Michigan outlines actions to reduce phosphorus loading to Lake Erie.
Plans were developed in 2016 for one surface water intake in Lake Huron and two in the Detroit River that supply Great Lakes Water Authority drinking water treatment plans. While these SWIPPs are not publicly available, this press release was created to let Great Lakes Water Authority customers learn about what is being done to protect their source of drinking water.
This report summarizes the results of algal bloom tracking efforts by Michigan state agencies in 2017. The survey results will help regulators determine the occurrence and concentration of the cyanobacterial toxin in Michigan surface water supplies.
This 2018 presentation summarizes the GLWA’s work toward converting soluble Phosphorus to particulate Phosphorus during the treatment process using both chemical and biological techniques.
MAEP is a voluntary verification program that helps farmers reduce environmental impacts from their operations by providing technical assistance for the design and implementation of conservation plans. The Overview describes several other indicators of success that speak to water quality outcomes and farmer engagement including participation in training events and tons of sediment and phosphorus loading reduced.
The Great Lakes Phragmites Collaborative is developing an adaptive management strategy called The Phragmites Adaptive Management Framework (PAMF). This framework will change the way Phragmites management is done throughout the Great Lakes basin and lead to approaches that maximize the effectiveness and efficiency of Phragmites management.
GLANSIS is an inter-agency, Great Lakes-specific database for Aquatic Nonindigenous Species (ANS) information.
Through the Aquatic Invasive Species Annex of the 2012 Great Lakes Water Quality Agreement, the United States and Canada have committed to “… contribute to the achievement of the General and Specific Objectives of this Agreement. Through this Annex the Parties shall establish a binational strategy to prevent the introduction of Aquatic Invasive Species (AIS), to control or reduce the spread of existing AIS, and to eradicate, where feasible, existing AIS within the Great Lakes Basin Ecosystem.”
The Great Lakes St. Lawrence Governors’ & Premiers’ Aquatic Invasive Species Task Force works to stop the introduction and spread of aquatic invasive species (AIS) into the Great Lakes and St. Lawrence River Basin. Since its inception, the Task Force has coordinated State and Provincial efforts to combat AIS through strategic regional action.
Developed annually since 2010, the action plan is designed to prevent the spread of invasive Asian carp in the Great Lakes. The action plan incorporates advances in the most current science making it a continually evolving foundation for the work of the Asian Carp Regional Coordinating Committee (ACRCC) partnership — a collaboration of 27 U.S. and Canadian federal, state, and provincial agencies and organizations.
AsianCarp.us provides up-to-date information on ongoing efforts to prevent Asian carp from becoming established in the Great Lakes and beyond. We invite you to learn more about the work of federal, provincial, state and local partners as we join together to prevent the spread of these destructive fish.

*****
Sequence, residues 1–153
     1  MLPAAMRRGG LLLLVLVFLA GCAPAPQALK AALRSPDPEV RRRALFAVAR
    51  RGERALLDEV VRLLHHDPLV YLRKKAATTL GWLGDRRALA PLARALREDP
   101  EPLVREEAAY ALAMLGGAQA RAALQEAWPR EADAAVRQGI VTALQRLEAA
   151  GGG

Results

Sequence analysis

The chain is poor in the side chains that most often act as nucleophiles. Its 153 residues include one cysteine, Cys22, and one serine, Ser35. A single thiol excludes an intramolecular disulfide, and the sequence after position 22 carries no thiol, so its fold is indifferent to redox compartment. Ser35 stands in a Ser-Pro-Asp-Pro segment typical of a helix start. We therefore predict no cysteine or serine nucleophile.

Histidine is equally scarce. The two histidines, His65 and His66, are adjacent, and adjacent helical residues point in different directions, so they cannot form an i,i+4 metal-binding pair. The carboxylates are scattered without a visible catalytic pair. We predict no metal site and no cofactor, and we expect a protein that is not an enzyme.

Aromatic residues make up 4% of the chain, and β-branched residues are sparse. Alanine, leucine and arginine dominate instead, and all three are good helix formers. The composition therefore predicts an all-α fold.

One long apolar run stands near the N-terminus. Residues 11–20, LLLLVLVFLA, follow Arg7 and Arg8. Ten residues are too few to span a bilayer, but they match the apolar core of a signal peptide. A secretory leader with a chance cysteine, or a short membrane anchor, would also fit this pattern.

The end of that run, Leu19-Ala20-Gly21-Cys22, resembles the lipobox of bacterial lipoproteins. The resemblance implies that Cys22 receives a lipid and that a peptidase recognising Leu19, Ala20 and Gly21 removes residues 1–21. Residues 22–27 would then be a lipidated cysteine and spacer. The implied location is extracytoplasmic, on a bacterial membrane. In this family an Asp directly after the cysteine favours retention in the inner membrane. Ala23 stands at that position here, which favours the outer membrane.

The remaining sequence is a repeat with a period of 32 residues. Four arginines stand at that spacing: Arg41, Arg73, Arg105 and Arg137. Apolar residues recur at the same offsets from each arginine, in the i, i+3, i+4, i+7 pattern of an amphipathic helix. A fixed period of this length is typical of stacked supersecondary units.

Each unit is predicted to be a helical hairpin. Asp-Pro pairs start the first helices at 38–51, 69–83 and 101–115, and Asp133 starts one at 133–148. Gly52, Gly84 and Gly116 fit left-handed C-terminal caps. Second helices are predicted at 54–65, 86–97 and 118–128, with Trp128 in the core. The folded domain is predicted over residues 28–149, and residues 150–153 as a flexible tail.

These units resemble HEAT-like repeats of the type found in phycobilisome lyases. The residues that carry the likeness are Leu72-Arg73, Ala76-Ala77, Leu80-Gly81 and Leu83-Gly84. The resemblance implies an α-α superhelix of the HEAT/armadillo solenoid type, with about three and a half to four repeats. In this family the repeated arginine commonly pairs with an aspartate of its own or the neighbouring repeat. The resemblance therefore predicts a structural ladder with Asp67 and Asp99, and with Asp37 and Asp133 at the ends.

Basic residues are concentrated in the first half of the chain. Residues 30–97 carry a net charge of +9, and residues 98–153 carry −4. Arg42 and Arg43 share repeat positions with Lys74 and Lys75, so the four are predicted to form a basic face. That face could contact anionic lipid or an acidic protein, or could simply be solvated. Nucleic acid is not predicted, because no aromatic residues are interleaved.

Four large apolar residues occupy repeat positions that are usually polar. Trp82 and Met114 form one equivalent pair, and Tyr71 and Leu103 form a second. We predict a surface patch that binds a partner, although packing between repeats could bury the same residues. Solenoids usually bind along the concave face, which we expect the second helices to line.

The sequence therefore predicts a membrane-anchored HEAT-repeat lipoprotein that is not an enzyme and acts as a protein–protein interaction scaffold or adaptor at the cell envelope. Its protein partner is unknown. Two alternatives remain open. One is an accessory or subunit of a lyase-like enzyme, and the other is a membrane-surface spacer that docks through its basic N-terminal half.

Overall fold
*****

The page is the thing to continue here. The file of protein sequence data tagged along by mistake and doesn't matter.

The Invasive Mussel Collaborative was established to advance scientifically sound technology for invasive dreissenid mussel control to produce measurable ecological and economic benefits. The Collaborative provides a framework for communication and coordination, and works to identify the needs and goals of resource managers, prioritize the supporting science, and align science and management goals into a common agenda.
The Great Lakes Panel on Aquatic Nuisance Species coordinates education, research, management and policy efforts to prevent new AIS from entering the basin and to control and mitigate those AIS populations already established. The Great Lakes Panel is one of six regional panels that report to the federal Aquatic Nuisance Species Task Force, which coordinates AIS efforts on a federal level.
This comprehensive plan outlines new actions for implementation as well as maintaining and enhancing existing efforts to prevent the introduction of new AIS, prevent the dispersal of AIS, detect and respond to new invaders, and minimize the harmful effects of AIS in Michigan waters.
Michigan Agriculture Environmental Assurance Program (MAEAP) is a voluntary program that teaches land stewardship to producers in Michigan. It is Michigan's largest tool to assist in the implementation of agricultural pollution prevention practices on farms.
The Michigan Department of Environment, Great Lakes, and Energy (EGLE) webpage dedicated to Lake Erie resources.
This project develops guidance for water system professionals to effectively communicate information about contaminants of emerging concerns to the public.
The ASDWA represents state drinking water programs, which is typically where source water protection programs reside.
The AMWA is an organization of the largest publicly owned drinking water systems in the United States that identifies source water protection as one of its top priorities.
The ACWA consists of state, interstate, and territorial officials who are responsible for the implementation of surface water protection programs throughout the United States. In addition to policy and advocacy work, ACWA provides toolkits to assist state water quality regulators with nutrient management activities.